• Of course it’s more complicated than it seems – but I’m not going to write about every specific muscle involved – same as I wouldn’t do when talking about the two hundred plus muscles involved when performing a squat. This article was a discussion comparing EMG studies performed on different variations of the bench press and which press elicited a greater response from the pectoralis muscles and the major antagonists. Obviously (and as stated in my article) different degrees will work the pectoralis to…a different degree.

  • The “best” type of bench press will be completely dependent on your goals:

    For example, if developing your triceps is a key factor, you may wish to opt for a close grip bench press.

    Alternatively, if you’re weary that your upper chest is less developed you may wish to do a few sets of incline bench press.

    In reality you shouldn’t focus solely on what you consider to be the “best” type of bench press as doing a mixture will help contribute to a stronger upper body.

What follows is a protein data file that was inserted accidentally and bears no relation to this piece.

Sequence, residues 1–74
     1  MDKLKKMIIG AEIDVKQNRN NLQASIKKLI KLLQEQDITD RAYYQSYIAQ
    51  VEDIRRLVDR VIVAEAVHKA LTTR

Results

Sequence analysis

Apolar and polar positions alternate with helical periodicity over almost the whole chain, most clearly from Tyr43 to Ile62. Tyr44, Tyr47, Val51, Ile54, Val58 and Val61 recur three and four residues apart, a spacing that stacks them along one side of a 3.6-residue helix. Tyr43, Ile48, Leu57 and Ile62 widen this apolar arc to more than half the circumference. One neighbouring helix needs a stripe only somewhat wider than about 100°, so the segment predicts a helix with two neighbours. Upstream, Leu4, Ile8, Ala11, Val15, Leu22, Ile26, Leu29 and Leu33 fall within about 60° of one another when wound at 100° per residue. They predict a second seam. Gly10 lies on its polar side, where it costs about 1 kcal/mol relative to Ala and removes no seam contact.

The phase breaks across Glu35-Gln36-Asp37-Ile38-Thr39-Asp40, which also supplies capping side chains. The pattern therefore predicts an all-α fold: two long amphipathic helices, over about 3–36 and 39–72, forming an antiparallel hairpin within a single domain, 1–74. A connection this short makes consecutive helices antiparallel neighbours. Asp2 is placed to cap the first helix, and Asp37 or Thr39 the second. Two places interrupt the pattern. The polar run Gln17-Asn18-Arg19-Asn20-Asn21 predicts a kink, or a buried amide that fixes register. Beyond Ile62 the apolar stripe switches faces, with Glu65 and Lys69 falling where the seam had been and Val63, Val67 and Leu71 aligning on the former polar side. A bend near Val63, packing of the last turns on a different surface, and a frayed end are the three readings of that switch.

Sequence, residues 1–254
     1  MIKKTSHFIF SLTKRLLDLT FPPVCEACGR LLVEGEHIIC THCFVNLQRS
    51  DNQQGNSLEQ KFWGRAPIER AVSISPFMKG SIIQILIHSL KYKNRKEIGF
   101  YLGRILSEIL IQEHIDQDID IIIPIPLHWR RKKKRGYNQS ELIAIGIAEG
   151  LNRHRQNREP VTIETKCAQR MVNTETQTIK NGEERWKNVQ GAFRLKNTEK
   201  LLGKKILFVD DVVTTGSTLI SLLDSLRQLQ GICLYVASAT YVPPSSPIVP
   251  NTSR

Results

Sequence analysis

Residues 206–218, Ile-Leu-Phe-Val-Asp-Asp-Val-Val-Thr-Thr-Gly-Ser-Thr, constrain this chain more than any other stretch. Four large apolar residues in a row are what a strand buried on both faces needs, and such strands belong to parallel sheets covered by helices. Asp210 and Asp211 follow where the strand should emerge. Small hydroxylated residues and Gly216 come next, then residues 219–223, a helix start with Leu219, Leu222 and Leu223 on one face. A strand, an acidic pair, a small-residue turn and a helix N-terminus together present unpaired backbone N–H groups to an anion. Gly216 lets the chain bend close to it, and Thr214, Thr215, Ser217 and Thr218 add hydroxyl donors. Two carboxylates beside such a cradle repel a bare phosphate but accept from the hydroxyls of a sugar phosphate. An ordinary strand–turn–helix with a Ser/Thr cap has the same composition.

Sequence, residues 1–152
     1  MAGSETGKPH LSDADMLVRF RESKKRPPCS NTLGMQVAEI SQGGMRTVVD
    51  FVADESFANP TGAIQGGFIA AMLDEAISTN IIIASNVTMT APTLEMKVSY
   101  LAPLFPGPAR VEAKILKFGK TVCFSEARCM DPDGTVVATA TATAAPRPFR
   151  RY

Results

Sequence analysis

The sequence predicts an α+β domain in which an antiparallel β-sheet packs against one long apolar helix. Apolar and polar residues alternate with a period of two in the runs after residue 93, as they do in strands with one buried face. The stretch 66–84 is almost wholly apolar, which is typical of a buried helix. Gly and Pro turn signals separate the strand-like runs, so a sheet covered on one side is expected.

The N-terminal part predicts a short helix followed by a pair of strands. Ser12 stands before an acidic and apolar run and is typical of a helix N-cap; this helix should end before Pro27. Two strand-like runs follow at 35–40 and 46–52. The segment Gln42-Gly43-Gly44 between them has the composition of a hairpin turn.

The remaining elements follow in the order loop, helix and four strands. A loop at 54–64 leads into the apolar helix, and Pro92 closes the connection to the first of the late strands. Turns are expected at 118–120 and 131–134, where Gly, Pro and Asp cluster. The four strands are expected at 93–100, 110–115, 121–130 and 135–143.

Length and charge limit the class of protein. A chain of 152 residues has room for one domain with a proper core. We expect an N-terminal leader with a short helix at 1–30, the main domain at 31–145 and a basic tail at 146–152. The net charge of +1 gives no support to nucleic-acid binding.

• Absolutely right, any kind of diet or movement is specific to the client. The focus of the article was to be a comparative analysis breaking down the primary movements (incline, flat, and decline) and the amount of stimulation shown on pectoral muscles as shown on EMG studies. From there the best would be in the eye of the beholder. Which if you read the entirety of the post, I addressed by addressing positives of the incline and decline press.

  • Collin Monroe

    Hey man I really enjoyed your article.

    I have very overdeveloped front delts and I’ve been trying to bring up the back delts although it’s not even close to the front. Always been that way. I’m starting to think I should just do flat and nothing else, too. I don’t care about tricep involvement, because I train triceps twice a week (isolation movements) and do close grip on tricep day.